Goal 13: Climate Action
PLASTIC STRAWS BANNED IN ENGLAND FROM TODAY
It’s now illegal to sell or provide one of plastic pollution’s worst offenders
By hannah rochell
1 october 2020
People in England use a whopping 4.7 billion of them every year, but as of today, plastic straws are banned in England. The measure was originally meant to come into force in April but was delayed due to coronavirus restrictions. Many companies, including small independents and large businesses like McDonald’s, had already made the move to ban plastic straws due to customer demand, but now it is mandatory. Hospitals, bars and restaurants will still be able to provide plastic straws for those unable to use alternatives due to medical conditions.
From October 1st, selling or providing plastic drinks stirrers or plastic stemmed cotton buds in England - which the country uses an estimated 316 million and 1.8 billion of respectively every year - is also illegal. While it’s a welcome start, we still have plenty of single use plastic left to tackle including cups, bottles, and packaging, all of which litter our environment, release toxic gases and substances when incinerated, and use energy to produce when reusable alternatives are available. And there are still more countries to get on board - for example, in the US alone, an estimated 500 million plastic straws are used every day.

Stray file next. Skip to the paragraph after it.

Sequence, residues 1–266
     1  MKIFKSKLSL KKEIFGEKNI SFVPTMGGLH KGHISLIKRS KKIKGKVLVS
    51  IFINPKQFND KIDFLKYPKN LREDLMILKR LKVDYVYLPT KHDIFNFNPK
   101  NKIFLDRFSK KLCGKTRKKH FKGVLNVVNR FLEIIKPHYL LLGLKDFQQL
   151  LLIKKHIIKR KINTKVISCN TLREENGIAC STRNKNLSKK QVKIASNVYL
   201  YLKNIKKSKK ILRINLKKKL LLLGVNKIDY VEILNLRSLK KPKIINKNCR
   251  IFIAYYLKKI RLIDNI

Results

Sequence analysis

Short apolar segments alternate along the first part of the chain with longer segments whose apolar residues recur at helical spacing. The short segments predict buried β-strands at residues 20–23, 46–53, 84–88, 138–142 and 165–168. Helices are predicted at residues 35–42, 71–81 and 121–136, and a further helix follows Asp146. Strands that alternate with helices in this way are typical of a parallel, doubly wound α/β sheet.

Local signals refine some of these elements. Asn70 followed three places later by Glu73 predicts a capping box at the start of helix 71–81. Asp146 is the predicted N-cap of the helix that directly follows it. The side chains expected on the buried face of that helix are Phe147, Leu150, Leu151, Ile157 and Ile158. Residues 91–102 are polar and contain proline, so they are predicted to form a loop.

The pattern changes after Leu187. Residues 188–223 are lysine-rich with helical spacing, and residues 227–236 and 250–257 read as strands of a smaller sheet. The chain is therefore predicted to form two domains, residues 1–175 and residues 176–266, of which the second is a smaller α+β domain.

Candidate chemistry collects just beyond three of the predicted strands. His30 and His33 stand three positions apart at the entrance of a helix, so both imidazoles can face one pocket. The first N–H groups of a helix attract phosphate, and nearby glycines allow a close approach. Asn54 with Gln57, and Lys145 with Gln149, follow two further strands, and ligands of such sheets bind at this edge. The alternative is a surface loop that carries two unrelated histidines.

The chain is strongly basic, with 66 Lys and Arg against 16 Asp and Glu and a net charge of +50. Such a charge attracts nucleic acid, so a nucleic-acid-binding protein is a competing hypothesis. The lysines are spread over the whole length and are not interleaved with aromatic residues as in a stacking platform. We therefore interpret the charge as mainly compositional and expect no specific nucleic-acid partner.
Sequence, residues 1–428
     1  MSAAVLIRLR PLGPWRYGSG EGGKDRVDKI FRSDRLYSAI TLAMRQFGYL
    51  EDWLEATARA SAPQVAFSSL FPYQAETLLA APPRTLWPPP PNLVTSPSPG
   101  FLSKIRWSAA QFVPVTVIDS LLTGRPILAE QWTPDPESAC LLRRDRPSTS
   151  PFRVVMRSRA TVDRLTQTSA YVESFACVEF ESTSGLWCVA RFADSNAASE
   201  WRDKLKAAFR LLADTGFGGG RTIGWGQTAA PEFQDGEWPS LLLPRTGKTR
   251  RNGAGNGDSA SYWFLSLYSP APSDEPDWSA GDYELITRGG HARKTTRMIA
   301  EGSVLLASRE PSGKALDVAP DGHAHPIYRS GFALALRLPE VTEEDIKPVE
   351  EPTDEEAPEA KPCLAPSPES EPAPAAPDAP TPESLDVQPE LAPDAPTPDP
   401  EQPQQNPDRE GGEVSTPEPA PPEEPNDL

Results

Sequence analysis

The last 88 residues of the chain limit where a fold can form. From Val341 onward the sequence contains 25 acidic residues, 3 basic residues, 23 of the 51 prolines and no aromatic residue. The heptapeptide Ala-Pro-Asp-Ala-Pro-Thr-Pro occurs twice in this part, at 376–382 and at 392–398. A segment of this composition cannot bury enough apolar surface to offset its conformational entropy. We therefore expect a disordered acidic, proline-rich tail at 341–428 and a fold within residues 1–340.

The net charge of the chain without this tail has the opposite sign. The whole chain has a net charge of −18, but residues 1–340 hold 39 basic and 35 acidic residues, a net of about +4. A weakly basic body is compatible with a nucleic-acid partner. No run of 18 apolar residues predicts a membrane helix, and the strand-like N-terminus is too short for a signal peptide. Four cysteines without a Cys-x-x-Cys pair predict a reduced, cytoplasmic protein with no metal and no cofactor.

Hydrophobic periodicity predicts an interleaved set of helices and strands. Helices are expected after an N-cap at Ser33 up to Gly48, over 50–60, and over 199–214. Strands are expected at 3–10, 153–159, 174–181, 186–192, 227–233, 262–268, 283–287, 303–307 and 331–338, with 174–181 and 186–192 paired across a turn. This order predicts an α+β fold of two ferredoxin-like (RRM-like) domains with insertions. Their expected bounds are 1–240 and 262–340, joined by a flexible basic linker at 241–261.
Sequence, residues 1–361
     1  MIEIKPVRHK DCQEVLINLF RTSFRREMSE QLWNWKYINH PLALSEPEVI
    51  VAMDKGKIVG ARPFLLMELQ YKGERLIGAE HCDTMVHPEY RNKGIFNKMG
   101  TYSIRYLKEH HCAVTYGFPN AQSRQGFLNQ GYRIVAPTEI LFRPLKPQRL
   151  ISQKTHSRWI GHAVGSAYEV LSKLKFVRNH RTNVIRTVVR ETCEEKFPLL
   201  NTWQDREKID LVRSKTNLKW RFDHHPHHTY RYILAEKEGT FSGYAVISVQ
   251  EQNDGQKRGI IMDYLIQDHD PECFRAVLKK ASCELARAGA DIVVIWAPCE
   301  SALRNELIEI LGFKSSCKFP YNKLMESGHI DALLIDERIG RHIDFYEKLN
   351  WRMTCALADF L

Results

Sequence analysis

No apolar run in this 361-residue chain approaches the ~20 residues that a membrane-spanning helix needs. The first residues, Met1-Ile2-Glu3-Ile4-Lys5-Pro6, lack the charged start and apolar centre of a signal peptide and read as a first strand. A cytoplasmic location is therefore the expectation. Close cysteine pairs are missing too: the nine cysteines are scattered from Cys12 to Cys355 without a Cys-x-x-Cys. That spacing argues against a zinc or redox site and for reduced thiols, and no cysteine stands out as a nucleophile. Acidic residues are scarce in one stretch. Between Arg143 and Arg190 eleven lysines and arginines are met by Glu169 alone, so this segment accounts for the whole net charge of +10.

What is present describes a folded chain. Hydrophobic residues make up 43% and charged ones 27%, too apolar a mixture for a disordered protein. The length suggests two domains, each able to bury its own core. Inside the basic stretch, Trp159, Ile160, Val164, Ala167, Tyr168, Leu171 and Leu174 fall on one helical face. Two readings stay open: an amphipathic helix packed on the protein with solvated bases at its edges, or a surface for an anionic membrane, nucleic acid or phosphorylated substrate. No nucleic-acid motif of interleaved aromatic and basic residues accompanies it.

Proceeds from sales of Goal 13 and Goal 14 #TOGETHERBANDs go to WWF
In other plastic news, a new British standard for biodegradable plastic is to be launched in order to simplify classifications for consumers. Using a formula developed by Polymateria, a British company, products would show a “recycle-by” date, after which point items begin to break down, triggered by sunlight, air and water. In order to make the grade, the plastic will have to be proven to break down into a harmless wax-like substance that contains no microplastics or nanoplastics. The idea is designed to be used as a compliment to waste disposal, so that when single-use plastic hasn’t been recycled correctly and ends up as litter or in landfill, it won’t litter the planet for hundreds of years.